Through literary analysis, the audience Is able to trace the dominant themes of opportunity and religion that contribute to American values in literature from the earliest letters and narratives by exploration and alongside, through the Puritan period, to the Age of Reason. Puritan ethics are prevalent throughout early American literature, stemming from the Puritans themselves, and continuing into and beyond 19th century literature. Puritans such as John Winthrop, governor and community leader, wrote many stories which religion was emphasized.
In one of his most famous works, “A Model of Christian Charity,” Winthrop prepares the people for planting a new society In a perilous environment. His belief along with other Puritans is that God had a “preordained plan” (Winthrop 7) for everyone. They believed that they were the covenant people, and that hard work, spiritual health, and self-reliance would lead to eternal salvation. These religious beliefs would later become known as the Puritan ethic, and would continue to Influence the authors of early American society.
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Literary works from the colonial period were written primarily to teach, preach the Gospel, praise God and examine religion. It was believed that through these teachings and divine revelation, God will have a “heavy affliction” and positive affect on the people and “the land” on which hey settled (Winthrop 75). This would in turn make the new world a pure and holy society. Other authors such as William Bradford and Anne Broadsheet (the first published female American author), wrote on religion, Puritan’s views, and God’s influence on early colonial society.
During the Journey across the seas to the new land, many of the Separatist encountered many trials and tribulations, one of those being a horrible storm. Through God’s “mercy and goodness” and “love” they were able to survive the storms and safely make It to the new world. Bradford 61). The Puritan ethic emerged from the rhetoric and beliefs that God and “Love Is the bond of perfection” (Winthrop 80) of the early writers of America.
These ethics and morals would continue to influence many writers in early American literature as they explored the value of religion, and its place in the world. Along with being a nation that was being built on the principles and beliefs of the Pilgrims and Puritans, America was seen as a safe haven from the corrupt rule of the British King and a land of opportunity and chance. Occurred was an exceptional addition to the world of American literature and this was even more obvious with publishing of his extraordinary works.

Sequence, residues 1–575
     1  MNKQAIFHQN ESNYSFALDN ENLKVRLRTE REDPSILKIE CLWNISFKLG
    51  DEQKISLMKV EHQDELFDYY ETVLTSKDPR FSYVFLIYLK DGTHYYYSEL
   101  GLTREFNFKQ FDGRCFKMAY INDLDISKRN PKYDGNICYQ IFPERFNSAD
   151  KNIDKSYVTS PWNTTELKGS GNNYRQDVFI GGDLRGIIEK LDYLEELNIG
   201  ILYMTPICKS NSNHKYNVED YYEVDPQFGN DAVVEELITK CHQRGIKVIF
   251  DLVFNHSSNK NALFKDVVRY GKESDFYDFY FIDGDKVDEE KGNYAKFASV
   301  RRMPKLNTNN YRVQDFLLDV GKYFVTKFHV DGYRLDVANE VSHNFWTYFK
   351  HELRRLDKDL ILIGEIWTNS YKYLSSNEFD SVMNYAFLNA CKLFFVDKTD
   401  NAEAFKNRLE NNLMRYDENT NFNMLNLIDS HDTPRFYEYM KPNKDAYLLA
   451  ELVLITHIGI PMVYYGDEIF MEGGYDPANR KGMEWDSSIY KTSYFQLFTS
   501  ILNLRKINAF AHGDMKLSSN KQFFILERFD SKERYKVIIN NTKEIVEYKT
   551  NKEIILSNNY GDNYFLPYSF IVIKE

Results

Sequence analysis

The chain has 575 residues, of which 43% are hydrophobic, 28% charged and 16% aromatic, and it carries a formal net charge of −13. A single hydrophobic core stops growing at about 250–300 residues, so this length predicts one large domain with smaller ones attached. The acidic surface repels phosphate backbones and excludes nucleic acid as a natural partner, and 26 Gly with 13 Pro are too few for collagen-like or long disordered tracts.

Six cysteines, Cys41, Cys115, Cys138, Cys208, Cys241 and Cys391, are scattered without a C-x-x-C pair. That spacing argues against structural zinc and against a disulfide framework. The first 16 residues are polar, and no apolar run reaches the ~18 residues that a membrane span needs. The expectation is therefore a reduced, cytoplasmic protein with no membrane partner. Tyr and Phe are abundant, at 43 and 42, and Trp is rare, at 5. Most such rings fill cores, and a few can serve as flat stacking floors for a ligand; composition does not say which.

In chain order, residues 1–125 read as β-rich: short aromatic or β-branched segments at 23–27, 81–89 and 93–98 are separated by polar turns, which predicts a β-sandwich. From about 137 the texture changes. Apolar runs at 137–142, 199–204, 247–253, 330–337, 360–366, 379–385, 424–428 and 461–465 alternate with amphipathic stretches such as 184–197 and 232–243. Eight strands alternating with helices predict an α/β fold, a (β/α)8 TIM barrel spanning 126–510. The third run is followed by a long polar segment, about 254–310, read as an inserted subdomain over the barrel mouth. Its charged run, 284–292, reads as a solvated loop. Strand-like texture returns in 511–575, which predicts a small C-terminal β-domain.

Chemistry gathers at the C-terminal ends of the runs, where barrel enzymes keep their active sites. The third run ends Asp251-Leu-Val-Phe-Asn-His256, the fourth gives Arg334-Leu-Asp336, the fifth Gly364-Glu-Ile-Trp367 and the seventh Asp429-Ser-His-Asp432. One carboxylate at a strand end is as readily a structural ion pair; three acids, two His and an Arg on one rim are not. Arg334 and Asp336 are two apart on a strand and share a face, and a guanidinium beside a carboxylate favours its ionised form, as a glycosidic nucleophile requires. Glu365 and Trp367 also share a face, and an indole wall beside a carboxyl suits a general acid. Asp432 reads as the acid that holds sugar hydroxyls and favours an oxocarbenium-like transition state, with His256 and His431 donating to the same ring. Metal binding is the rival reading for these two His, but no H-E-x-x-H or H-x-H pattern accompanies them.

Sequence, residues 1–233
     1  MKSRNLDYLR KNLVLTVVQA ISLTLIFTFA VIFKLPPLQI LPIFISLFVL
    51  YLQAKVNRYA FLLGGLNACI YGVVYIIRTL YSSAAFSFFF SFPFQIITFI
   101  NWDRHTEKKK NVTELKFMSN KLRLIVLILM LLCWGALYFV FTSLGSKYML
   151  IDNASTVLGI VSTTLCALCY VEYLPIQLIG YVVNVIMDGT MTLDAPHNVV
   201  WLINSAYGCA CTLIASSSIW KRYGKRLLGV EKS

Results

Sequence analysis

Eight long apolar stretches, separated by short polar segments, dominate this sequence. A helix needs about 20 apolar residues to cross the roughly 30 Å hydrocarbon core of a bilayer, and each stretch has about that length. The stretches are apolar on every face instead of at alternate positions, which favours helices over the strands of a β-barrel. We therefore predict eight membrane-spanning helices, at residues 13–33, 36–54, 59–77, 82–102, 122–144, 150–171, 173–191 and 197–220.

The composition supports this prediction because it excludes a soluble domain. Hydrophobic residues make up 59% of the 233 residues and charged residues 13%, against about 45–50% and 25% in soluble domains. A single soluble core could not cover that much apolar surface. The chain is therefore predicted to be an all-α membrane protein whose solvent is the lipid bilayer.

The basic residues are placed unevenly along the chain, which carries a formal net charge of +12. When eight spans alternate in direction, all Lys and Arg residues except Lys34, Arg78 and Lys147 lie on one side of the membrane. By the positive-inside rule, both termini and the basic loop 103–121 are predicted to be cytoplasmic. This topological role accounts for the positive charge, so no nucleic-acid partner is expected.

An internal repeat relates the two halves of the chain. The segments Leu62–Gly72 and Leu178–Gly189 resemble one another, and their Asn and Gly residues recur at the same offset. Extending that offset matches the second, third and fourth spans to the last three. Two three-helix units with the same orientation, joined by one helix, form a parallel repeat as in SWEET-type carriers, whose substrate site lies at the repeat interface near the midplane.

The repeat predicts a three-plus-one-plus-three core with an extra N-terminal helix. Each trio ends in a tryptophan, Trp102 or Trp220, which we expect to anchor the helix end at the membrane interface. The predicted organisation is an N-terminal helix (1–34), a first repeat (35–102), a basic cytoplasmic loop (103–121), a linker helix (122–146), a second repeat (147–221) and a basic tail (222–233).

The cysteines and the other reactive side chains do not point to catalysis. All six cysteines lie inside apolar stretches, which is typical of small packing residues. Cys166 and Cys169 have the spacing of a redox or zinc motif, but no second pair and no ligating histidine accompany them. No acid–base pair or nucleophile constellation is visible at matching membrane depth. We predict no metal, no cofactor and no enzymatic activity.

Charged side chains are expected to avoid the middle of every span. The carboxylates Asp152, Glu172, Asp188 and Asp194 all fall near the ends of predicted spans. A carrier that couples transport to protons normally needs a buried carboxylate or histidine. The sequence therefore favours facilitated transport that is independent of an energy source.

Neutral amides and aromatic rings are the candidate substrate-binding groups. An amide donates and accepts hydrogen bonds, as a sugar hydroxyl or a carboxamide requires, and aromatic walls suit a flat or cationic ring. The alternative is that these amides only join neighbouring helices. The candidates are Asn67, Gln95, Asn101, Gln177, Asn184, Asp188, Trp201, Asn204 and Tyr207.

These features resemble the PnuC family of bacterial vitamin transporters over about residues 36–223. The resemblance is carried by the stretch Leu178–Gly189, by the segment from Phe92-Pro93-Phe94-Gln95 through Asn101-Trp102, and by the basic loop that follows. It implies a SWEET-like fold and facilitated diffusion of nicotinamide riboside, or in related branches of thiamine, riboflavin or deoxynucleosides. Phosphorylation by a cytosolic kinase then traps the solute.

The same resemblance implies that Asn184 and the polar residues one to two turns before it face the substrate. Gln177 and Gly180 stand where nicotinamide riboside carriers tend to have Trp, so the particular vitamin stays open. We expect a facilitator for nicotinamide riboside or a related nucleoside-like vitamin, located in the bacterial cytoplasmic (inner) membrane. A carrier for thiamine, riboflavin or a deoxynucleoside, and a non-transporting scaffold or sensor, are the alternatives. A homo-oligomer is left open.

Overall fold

Through a series of letters, he illustrates the idealized version off free society. A place where “man is free,” (Occurred 31 1) a country where the government Initially had no “bread” (Occurred 313) to feed Its citizens, but who would eventually morph Into a country of riches and wealth. Initially the “new world” was a place that was very poor and had very little to offer to Its citizens, but over time as able to become a more advanced and developed place for opportunity.
Even discrepancies in the society. We often credit the Europeans for colonizing America, even though the Indians were the first to occupy the land. Many stories and narratives from the Colonial Age where written from the perspectives of European settlers which in turn gave our current society a skewed view of the early Native Americans. European authors would often refer to Native Americans as savage or animals who “shouted and hallowed” (Rowland 119) since of civilization.
Along with being misunderstood as a culture, and having their homeland now occupied by European settlers, the Native Americans faced many other issues in which their society would be changed for ever. Red Jacket’s “Speech to the U. S. Senate” moreover is one that is a great example of how the Native American society wished to remain the way they were and continue in their ceremonious rituals such as celebrating their religion because they do not know of the “Great Spirit” that the “white people” serve (Red Jacket 215).
The Age of Reason which began in the 18th century presents common deistic arguments; for example, it highlights the corruption of the Christian Church and criticizes its efforts to acquire political power. Thomas Paine advocates reason in the place of revelation, leading him to reject miracles and to view the Bible as an “ordinary piece” (Paine 329) of literature rather than as a divinely inspired text. The Age of Reason is not atheistic, but Deistic: it promotes natural religion and argues for a creator God (imagine of a clock maker).
This age is here rational thinkers n which literary geniuses, such as Benjamin Franklin, Thomas Paine, and Thomas Jefferson brought to the forefront the ideas and beliefs that everything has a rational explanation. In Common Sense, Thomas Paine argues for American independence. His argument begins with more general, theoretical reflections about government and religion, and then progresses onto the specifics of certain colonial situations. In conclusion the early American literature, its authors, and the great mind of the Colonial Age and the Age of Reason have helped to shape the land of opportunity that we call America.